Wednesday, 1 July 2015

Dyspraxia, anxiety and determination

On Sunday I will be walking alongside fellow dyspraxic blogger Natalie and my boyfriend Matt around the British 10k course all in aid of Dyspraxia Foundation and raising dyspraxia awareness. It will be both a physical challenge and after quite a few rough months anxiety and mental health wise a mental challenge too. Alongside anxiety and the dyspraxic brain working 10x harder comes a lot of fatigue and tiredness. I was very close to pulling out of this due to my anxiety and fatigue struggles. But I've  decided to give it a go, no matter how slowly or uncoordinated I may go, I hope it shows one of the big strengths dyspraxics and those who may struggle with mental health issues have which is determination and empathy for others.

Whenever the word P.E was brought up throughout my life it made me feel full of dread, It made me feel embarrassed and very self conscious too. The reason why I dreaded it so much was because of how much co-ordination, balance,  gross motor skills and spatial awareness all the activities required. But the dyspraxic chaos often started well before the lesson began, I couldn't remember what I needed to bring with me, where to go, it used to take me so much longer than everybody else to get changed as I couldn't co-ordinate the movements over my head, often things would end up back to front inside out.(They still do- the amount of times I've realised my labels are hanging out of a cardigan or jumper.)

I was always the one who was chosen last to be a part of the team, the person nobody wanted to be partnered with and the one who was always last. I was the only person who couldn't hit or catch the ball (maybe nearly knocked a few people out with my bat mind) I would topple over as I tried to keep my balance and would bump into everyone who came past me. It had a detrimental effect on my self esteem and confidence and I used to beat myself up so much, something which has carried into adulthood. But I never gave up, I persevered, bruises and all. As as an adult, my dyspraxia hasn't simply gone away, I still find day to day tasks a challenge and they take me 10x longer, I walk with a clumsy gait (you can always hear me coming) and my arms and legs often don't co-ordinate together, I make quite a few mistakes, often with quite a mess and I get very frustrated with myself at times, but I'm a very determined soul, and carry out tasks in my own unique way. As you can imagine from reading the above taking part in a 10k walk, is quite a physical challenge for a dyspraxic never mind stepping out of my comfort zone.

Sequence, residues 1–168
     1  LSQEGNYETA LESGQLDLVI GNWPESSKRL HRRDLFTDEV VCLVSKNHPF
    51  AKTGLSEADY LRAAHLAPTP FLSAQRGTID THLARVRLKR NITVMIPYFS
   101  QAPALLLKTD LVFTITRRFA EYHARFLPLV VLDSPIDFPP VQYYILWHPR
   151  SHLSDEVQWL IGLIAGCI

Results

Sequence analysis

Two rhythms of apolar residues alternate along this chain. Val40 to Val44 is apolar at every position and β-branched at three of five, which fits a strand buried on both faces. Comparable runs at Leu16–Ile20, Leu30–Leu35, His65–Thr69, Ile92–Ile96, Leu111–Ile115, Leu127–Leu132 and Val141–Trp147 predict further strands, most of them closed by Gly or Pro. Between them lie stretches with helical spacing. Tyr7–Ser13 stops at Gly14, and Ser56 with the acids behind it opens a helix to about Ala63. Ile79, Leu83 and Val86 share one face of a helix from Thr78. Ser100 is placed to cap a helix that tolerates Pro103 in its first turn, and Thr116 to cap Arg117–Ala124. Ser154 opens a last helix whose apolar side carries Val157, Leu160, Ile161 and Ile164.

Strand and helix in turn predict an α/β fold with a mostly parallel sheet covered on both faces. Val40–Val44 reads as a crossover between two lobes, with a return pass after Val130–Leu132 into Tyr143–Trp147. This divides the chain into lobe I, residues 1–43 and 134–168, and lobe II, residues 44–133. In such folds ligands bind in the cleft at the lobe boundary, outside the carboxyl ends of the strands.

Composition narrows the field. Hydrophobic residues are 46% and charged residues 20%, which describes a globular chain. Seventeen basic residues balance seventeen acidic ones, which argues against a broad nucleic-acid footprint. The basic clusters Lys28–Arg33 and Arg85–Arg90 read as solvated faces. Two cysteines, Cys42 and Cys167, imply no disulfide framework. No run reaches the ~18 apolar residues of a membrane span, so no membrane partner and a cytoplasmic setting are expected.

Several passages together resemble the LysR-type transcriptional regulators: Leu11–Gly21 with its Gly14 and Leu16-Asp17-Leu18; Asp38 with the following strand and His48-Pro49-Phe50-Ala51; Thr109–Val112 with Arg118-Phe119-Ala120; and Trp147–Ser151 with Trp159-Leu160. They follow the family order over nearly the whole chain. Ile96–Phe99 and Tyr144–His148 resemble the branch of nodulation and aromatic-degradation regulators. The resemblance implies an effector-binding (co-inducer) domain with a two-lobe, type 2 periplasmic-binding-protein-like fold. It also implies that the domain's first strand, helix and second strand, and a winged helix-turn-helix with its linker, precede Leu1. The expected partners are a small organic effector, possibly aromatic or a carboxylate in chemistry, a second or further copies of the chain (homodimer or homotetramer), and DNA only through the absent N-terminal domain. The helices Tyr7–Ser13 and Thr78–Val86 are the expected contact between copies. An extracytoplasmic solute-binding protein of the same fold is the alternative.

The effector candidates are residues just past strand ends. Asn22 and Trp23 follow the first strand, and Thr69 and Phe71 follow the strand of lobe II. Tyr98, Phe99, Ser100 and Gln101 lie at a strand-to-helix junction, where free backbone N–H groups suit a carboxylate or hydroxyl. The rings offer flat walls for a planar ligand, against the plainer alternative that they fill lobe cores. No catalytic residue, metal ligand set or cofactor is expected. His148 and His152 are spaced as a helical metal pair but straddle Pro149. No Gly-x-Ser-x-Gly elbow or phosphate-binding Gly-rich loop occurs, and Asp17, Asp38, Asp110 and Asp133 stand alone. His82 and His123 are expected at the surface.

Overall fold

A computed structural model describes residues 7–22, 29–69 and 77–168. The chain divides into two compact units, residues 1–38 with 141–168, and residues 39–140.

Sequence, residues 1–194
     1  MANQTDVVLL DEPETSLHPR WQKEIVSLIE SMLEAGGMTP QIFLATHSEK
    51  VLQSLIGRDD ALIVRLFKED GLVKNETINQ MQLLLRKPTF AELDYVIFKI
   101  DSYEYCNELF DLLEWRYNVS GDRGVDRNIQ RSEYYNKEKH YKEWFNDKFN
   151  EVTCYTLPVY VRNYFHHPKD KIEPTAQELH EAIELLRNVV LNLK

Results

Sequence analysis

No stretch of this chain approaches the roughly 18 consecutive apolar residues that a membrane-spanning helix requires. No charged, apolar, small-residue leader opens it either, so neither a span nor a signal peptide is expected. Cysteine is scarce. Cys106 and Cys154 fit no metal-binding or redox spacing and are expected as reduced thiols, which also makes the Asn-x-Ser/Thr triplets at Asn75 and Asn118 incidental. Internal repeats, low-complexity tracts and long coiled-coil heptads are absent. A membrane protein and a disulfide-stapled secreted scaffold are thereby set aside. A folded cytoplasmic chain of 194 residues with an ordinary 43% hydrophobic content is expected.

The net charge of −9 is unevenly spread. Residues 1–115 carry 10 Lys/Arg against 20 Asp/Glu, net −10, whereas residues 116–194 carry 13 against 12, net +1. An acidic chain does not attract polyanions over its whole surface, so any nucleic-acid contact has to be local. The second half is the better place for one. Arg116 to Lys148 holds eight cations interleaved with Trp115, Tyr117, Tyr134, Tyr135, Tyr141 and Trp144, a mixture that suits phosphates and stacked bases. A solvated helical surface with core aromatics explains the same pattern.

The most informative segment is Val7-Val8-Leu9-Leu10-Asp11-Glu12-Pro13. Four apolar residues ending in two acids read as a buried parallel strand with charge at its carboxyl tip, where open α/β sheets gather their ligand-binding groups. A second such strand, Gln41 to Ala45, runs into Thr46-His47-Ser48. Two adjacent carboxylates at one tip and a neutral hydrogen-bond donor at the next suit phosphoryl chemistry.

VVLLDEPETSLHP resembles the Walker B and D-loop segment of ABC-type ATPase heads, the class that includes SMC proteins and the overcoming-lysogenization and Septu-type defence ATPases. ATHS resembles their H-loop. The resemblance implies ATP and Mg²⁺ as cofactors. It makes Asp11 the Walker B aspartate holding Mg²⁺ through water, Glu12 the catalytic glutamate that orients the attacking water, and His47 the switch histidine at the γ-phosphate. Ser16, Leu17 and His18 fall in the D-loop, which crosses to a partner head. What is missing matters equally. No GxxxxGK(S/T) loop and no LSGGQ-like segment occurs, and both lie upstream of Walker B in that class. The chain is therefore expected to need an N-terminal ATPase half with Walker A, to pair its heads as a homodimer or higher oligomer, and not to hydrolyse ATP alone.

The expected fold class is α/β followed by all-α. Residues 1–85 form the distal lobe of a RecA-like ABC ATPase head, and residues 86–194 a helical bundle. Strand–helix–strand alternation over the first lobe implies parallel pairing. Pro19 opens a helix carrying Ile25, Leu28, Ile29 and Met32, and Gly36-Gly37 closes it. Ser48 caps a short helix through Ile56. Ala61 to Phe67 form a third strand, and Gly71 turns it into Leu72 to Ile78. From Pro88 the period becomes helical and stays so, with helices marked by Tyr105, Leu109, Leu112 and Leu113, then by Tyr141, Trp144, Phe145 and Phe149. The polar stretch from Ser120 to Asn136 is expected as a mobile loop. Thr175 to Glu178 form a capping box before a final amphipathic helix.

Alongside the physical side of dyspraxia is the social side, social anxiety is something which I've blogged about quite frequently, alongside anxiety itself. The thought of being surrounded by elite runners, crowds of people, the sensory environment of being in a city and generally people watching me do any kind of exercise makes me feel sick or like I want to hide away. My idea of exercise is taking my dog for a long walk or going for a swim. Then of course there's the over thinking and the anxious mind coming to all kind of conclusions  but I know the anxious mind can tell lies and all will be ok. My anxiety can lead to low mood, alongside fatigue which comes alongside dyspraxia which affects my motivation and energy so trying to find the energy to get round this 10k has been on my mind, but hopefully all be a positive step in the right direction. Anxiety has taken so much from my life and stopped me from enjoying life, hopefully in time I will learn to manage it rather it controlling me,

My mum always tells me from a very young age I've always been determined  and determined to prove those who doubted me wrong. When people see dyspraxia or any other difference or disability people often make negative assumptions that we're lazy, careless, look like we're not trying or won't get far which is far from the case, we are simply just different and carry out tasks or see the world in a unique way. Which all comes down to lack of understanding and awareness and assumptions, especially about issues invisible to the eye.

This is something which needs to change, and I hope by stepping out of my comfort zone completely and wearing my Dyspraxia Foundation T-shirt with pride others may be able to take some positivity from it, and celebrate what us dyspraxics have to offer, plus hopefully raise some awareness and most importantly make a difference.

One thing which will help get me round is encouragement and reassurance, something I've been very grateful for these last few months, the little things can really make a huge difference when you don't find day to day tasks easy or go through a rough patch in life. Also feeling included, the race itself maybe isn't a fully inclusive event for people with differences or disabilities (which I think more should be, as it would encourage more people to take part and reduce my anxieties) but having friends, family and the Dyspraxia Foundation team cheering us on at 9k after the yearly AGM  and a youth group conference the day before, will make such a difference from being the girl nobody wanted on her team. Feeling included is such an important feeling for many dyspraxics.

The Dyspraxia Foundation themselves have provided my family with a lot of reassurance from when I was first diagnosed aged 4, and helped us feel not alone and less isolated, and I've met some wonderful people in my life thanks to them. For many years dyspraxia and mental health were my little secrets, I did everything I could to hide them from the world, but then I met others like me.  Maybe this will encourage someone else out there to step out of their comfort zone too.

If you would like to sponsor us and can spare any change our just giving link is: thank you for your kindness.

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